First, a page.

I-70’s winter traffic jams targeted
Summit County Correspondent
Vail, CO Colorado
GOLDEN ” With traffic increasing on the mountain stretch of Interstate 70, state road crews have plans they hope will keep vehicles moving during the winter when snow and crashes can close the freeway.
The Colorado Department of Transportation is expanding its Courtesy Patrol, which already assists stranded motorists, to help truck drivers keep from blocking the main road between the Front Range and Vail Pass.
Heavy truck tow drivers will patrol Vail Pass, the Eisenhower Tunnel and Georgetown during the weekends and holidays in ski season to more quickly clear away semi-trucks that are blocking the road.
“We didn’t have that before and the problem we encountered over the years is when you have trucks that are stranded, unprepared, or just got into an accident on our corridor it closes our highway, and it costs as much as $800,000 an hour every time this highway’s closed,” said Bernie Guevara, a state traffic engineer for the region.
The state is trying to educate truckers so they don’t head into the mountains without chains. But if they do, vendors will be allowed to sell chains along I-70.
Participate in The Longevity Project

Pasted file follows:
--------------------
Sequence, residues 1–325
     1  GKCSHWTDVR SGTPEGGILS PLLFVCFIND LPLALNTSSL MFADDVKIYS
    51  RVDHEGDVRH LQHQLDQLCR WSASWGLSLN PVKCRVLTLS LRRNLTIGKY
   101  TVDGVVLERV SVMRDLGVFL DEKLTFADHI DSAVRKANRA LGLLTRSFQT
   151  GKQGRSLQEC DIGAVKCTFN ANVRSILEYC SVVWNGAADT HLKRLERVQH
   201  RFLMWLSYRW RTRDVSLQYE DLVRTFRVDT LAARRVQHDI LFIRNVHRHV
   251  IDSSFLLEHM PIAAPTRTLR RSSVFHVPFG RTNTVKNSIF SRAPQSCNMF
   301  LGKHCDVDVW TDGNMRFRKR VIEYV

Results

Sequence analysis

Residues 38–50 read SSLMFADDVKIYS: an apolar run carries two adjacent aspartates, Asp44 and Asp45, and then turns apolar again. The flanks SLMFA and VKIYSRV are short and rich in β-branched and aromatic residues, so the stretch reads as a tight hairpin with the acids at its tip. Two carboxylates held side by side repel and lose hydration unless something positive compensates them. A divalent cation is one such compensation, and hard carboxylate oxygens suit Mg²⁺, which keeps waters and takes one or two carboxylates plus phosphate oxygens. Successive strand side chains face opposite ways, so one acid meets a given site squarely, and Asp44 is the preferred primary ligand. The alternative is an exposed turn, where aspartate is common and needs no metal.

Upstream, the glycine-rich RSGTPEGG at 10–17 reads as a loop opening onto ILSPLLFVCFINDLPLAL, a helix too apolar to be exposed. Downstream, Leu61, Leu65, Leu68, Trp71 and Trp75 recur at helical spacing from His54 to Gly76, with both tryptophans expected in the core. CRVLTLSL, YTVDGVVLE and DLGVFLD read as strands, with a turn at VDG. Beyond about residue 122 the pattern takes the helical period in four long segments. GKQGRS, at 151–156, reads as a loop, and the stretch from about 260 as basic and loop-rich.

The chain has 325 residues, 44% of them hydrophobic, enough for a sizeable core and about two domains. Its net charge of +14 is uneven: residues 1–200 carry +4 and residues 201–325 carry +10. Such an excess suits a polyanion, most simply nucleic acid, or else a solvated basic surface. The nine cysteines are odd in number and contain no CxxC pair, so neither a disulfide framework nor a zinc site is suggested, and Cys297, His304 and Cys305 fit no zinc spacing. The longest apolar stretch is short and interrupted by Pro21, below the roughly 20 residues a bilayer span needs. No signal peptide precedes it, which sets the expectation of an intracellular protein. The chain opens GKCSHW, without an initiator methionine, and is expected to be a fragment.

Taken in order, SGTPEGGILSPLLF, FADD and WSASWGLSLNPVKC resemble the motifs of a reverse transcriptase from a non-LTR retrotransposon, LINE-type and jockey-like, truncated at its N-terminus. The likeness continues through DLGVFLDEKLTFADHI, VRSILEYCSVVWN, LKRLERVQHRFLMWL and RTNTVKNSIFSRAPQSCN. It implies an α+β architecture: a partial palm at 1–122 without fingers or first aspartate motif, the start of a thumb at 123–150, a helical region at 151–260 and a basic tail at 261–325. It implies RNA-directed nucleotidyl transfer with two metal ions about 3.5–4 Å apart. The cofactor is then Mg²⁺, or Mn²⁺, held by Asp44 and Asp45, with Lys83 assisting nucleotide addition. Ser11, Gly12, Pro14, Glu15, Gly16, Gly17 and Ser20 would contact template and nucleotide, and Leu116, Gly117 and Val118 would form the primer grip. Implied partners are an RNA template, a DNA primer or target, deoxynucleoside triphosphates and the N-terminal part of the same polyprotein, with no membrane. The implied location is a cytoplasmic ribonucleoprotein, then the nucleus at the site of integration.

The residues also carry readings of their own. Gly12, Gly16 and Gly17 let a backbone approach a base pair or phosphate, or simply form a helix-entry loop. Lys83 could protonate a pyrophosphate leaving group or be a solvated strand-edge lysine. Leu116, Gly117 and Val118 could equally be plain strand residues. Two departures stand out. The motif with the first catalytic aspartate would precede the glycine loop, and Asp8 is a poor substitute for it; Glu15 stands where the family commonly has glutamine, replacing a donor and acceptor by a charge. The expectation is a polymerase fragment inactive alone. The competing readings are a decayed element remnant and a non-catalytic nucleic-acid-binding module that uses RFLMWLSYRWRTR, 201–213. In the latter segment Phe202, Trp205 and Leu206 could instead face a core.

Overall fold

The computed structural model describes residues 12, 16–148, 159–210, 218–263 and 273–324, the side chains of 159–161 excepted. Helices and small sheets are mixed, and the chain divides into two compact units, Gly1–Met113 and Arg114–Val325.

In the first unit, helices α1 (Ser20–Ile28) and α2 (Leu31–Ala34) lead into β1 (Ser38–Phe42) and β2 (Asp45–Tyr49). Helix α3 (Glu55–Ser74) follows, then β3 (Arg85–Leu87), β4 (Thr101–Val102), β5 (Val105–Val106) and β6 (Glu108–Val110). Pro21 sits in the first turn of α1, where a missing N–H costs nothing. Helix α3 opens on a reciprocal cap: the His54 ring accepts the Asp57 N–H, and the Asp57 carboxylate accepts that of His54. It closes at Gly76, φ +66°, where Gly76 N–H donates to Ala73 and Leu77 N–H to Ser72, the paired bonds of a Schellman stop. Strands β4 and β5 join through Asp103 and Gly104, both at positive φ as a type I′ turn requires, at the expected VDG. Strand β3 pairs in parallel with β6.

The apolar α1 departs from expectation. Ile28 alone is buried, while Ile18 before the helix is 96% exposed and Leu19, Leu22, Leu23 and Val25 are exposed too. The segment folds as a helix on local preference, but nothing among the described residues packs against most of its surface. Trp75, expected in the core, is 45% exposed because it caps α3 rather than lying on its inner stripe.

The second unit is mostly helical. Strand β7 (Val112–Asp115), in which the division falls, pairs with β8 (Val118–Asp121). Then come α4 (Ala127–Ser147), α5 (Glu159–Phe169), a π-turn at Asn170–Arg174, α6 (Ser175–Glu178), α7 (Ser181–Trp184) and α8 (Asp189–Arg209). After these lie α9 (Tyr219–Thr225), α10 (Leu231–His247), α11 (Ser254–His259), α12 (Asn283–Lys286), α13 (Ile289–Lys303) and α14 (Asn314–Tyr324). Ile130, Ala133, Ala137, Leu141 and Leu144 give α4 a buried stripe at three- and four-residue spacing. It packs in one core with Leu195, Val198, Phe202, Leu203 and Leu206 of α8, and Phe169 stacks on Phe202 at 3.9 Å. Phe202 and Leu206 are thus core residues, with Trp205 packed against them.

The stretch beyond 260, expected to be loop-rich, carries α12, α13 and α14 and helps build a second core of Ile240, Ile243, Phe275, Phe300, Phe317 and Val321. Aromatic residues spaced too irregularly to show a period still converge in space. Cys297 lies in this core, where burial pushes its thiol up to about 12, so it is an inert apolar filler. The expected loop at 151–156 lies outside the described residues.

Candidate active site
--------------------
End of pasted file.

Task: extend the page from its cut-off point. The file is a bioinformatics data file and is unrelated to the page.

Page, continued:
The Longevity Project is an annual campaign to help educate readers about what it takes to live a long, fulfilling life in our valley. This year Kevin shares his story of hope and celebration of life with his presentation Cracked, Not Broken as we explore the critical and relevant topic of mental health.
“We are very hopeful that with these programs we will make a difference providing a lot more improved safety and also mobility on this highway,” Guevara said.
As part of its $2.5 million pledge toward increased trucker safety, the state also has finished paving seven new chain-up area along the corridor for a total of 137 new parking spaces, Guevara said.
That’s in addition to the 11 chain-up areas and 185 parking spaces that already existed.
“What this means is we have pretty much maximized what we can do on that corridor,” Guevara said.
Where there’s room, such as the chain-up area on westbound I-70 through Georgetown, crews have built a ditch to separate truck drivers installing chains from regular lanes of traffic.
That technique will be used in East Vail, where a truck driver was struck and killed last week as he removed the chains from his semi, Guevara said, as well the Herman Gulch area on the eastbound side of the Eisenhower Tunnel.
Speed limits will also be lowered near chain-up areas.
To prevent cars from sitting in traffic when the freeway is closed, road crews will try to turn cars around on the Front Range and send them back to the city, said Ken Wissel, a deputy maintenance superintendent.
“We’ll move them right back down into the city where, no, they’re not getting where they want to go, but they can get to facilities, they can get to fuel stops, they can get food service and all the other necessary items that travelers need,” Wissel said.